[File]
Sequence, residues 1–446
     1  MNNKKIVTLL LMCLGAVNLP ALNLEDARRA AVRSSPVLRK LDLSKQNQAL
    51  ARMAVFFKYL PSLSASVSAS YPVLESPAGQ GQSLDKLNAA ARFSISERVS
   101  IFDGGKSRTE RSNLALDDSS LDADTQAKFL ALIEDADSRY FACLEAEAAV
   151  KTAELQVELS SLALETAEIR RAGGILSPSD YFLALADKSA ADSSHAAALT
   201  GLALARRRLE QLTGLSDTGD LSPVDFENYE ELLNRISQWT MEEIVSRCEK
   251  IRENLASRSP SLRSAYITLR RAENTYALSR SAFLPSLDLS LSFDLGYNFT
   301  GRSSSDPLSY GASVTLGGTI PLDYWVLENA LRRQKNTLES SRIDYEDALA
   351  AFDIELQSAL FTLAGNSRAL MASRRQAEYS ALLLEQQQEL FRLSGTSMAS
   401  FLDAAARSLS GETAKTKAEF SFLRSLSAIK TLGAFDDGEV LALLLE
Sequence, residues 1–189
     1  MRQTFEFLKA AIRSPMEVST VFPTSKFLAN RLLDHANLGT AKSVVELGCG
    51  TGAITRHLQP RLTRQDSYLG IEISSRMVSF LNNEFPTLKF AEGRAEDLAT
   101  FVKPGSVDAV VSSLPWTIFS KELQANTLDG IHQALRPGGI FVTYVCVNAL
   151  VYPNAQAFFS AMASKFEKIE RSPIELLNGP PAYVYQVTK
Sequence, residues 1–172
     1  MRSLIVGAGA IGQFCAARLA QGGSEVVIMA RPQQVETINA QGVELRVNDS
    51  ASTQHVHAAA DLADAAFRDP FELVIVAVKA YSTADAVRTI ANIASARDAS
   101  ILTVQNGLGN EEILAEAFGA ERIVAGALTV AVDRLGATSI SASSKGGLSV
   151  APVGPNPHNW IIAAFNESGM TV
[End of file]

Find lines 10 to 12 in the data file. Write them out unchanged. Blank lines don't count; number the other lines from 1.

   401  FLDAAARSLS GETAKTKAEF SFLRSLSAIK TLGAFDDGEV LALLLE
Sequence, residues 1–189
     1  MRQTFEFLKA AIRSPMEVST VFPTSKFLAN RLLDHANLGT AKSVVELGCG